Golf Course Architecture - Issue 69, July 2022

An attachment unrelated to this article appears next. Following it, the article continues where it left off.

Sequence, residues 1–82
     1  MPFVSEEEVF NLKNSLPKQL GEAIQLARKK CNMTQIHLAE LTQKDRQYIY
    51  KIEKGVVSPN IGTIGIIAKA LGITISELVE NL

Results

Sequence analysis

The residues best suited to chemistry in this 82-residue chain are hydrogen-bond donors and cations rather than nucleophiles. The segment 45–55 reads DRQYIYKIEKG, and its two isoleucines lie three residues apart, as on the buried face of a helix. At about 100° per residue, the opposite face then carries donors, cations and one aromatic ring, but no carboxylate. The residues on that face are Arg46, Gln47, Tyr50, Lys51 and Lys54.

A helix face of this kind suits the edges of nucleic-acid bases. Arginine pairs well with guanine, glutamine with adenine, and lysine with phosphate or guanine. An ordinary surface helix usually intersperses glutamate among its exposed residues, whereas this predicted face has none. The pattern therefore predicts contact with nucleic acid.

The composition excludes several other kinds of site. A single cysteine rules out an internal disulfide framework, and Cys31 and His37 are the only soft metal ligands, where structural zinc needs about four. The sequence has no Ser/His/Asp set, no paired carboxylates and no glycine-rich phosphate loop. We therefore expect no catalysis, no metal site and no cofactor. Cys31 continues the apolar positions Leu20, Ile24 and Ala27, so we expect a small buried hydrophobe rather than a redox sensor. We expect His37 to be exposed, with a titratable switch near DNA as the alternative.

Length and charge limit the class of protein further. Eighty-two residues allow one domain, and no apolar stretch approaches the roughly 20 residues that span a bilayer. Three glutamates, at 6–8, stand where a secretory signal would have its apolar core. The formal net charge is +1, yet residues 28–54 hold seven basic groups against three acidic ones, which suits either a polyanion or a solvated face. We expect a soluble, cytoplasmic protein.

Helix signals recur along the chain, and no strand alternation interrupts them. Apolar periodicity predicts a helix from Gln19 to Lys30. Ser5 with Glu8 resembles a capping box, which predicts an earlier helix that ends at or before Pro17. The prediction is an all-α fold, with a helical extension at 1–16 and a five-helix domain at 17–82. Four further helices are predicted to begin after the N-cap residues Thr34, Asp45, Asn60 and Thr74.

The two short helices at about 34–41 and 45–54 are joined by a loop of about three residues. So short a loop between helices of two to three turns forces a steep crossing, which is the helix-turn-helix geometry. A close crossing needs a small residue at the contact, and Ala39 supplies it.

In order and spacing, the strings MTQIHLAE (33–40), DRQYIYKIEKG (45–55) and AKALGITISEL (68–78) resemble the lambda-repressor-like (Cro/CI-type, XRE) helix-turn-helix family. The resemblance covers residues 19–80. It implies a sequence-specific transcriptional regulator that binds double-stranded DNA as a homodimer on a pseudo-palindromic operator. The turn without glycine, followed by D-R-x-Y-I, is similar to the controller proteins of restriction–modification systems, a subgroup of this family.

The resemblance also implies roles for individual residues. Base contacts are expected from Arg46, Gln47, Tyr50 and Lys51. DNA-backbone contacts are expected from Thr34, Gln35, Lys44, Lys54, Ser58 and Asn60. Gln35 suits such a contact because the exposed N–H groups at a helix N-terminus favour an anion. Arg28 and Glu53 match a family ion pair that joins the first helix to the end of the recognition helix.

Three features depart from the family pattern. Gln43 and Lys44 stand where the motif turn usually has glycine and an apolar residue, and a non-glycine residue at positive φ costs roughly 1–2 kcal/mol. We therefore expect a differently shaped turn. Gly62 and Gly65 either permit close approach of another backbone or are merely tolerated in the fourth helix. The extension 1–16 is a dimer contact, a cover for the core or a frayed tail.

65 Mike Clayton has been spending a lot of time at the beach. But, while he has recently turned 65, it’s not to enjoy retirement. He’s been working with Mike DeVries on the layout of Seven Mile Beach, just east of Hobart, the capital of Australian island state Tasmania. Clear of the non-native radiata pines that previously covered the site, the two Mikes (who, with Frank Pont, are the principals of the Clayton, DeVries & Pont partnership) are toiling away among pure rolling dunes that tumble down towards the ocean, shaping a golf course for developer and former tour pro Mat Goggin. Does a site with such enormous potential add pressure for an architect? “There’s no pressure, in the sense that there are no members, but there’s pressure in the sense that a lot of people seem to know about it,” says Clayton. “I played golf with a couple of kids who were asking me about it, and I didn’t think would have a clue what was going on down there. “Mat is really doing something to benefit the game. So I want to do the best I can for him because it’s his cash on the line and his dream. We’ve got to make sure that Seven Mile Beach is one of the best two or three courses in Australia, which I think is doable given how good the site is and how good the land is.” The team is making solid progress. “So far, we’ve kicked into shape the first four holes, most of the eighth, except the tee shot,” says Clayton. “Thirteen, fourteen and eighteen are done and seventeen is pretty much done. We’re getting some irrigation in, but no grassing yet. Of the original 300 piles of “The best courses show that golf is best when it’s neither fair nor predictable” Photos: Lukas Michel